The Federal Bureau of Investigation agents that led efforts to rescue a 5-year-old Midland City boy after he was kidnapped from a school bus and held hostage by an armed killer are among the 31 finalists for one of the highest honors given to civilian federal employees.
The Samuel J. Heyman Service to America Medal recognizes federal employees for significant contributions in the fields of homeland security and law enforcement, including border and transportation security, civil rights, counterterrorism, emergency response, fraud prevention and intelligence.
FBI Special Agent in Charge for the Mobile District, Stephen Richardson, and his team - Kevin Cornelius, the hostage rescue team commander; Vincent Dalfonzo, lead negotiator; Molly Amman, lead behavioral psychologist; Thomas Class, deputy on-scene commander; Paul Bresson and Jason Pack of public affairs; and FBI agents Kelvin King, Douglas Astralaga, William Beersdorf and Timothy Green - were nominated for their work in rescuing Ethan Gillman after he was taken off a school bus by an armed man later identified as Jimmy Lee Dykes. Dykes shot and killed the bus driver Charles Poland before taking Ethan to an underground bunker,
In a profile for the award, Richardson said the decision to enter the bunker after the six-day standoff was literally a life-and-death decision.
"I knew that unless immediate action was taken, a child fatality would be an inevitable result. I gave the order to execute the rescue plan. That's when time seemed to stop for me. I heard a commotion and ensuing gunfire. I looked at the tactical commander and said, 'You have got to tell me the child is safe,' " Richardson said. "It was maybe 30 to 45 seconds, and I heard a child's cry over the radio. It was a huge surge of relief for all."
As on-scene commander, Richardson oversaw a huge FBI team that included crisis negotiators, tactical units, bomb experts, investigators, behavioral scientists, legal advisers, media relations staff and surveillance units, plus state and local law enforcement officers. He had staff working with family members of the child and the abductor, and was in constant communications with top officials at FBI headquarters in Washington.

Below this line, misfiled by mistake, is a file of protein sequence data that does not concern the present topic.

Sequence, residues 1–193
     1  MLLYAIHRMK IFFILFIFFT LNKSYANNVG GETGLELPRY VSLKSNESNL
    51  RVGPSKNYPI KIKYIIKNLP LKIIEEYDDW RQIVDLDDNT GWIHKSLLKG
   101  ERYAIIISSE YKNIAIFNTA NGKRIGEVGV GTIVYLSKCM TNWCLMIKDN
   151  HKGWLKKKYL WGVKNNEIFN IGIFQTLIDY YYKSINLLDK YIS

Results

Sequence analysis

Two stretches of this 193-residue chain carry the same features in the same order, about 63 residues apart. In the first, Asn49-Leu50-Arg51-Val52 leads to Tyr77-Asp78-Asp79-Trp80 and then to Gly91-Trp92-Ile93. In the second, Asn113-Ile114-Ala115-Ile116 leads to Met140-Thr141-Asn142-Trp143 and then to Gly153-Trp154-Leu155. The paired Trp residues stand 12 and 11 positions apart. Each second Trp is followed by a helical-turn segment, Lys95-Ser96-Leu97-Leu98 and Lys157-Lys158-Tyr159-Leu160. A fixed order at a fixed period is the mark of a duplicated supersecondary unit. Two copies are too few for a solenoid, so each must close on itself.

"Stephen Richardson had the responsibility to pull together a crisis-response team and bring the right brainpower and firepower to resolve this crisis," said Ronald Hosko, an assistant FBI director. "He understood the risks faced by the victim, the hostage-taker and the rescuers. He understood it could go very badly, but he was unblinking in taking on the challenge."
Richardson described his team as "heroes who literally jumped into a black hole to save a child as they faced a dangerous and unpredictable man who fired shots at them and set off a bomb not far from the bunker."
"During the rescue operation, there was a lot of praying and you could have heard a pin drop in the command post. It seemed like an eternity before we heard all team members were accounted for and the hostage-taker was no longer a threat," Richardson said. "These elite rescue team members are highly trained individuals who accept the inherent dangers and tremendous responsibility, but that doesn't alleviate the heavy heart and burden felt by all of us when informing a loved one that a hero has paid the ultimate sacrifice.
"There were a lot of moving parts, but we all had one goal in mind: Get that little guy out of the hole safely," Richardson said. "You could feel that everyone there shared a little bit of the life and death responsibility. We had unprecedented teamwork and cooperation. We developed a plan and executed it perfectly."
Richardson and the other finalists were honored May 7 at ceremonies held in Washington, D.C. as part of Public Service Recognition Week. Medal recipients will be announced Oct. 3 with awards given in the categories of science and environment, homeland security and law enforcement, national security, international affairs, citizen services and management excellence.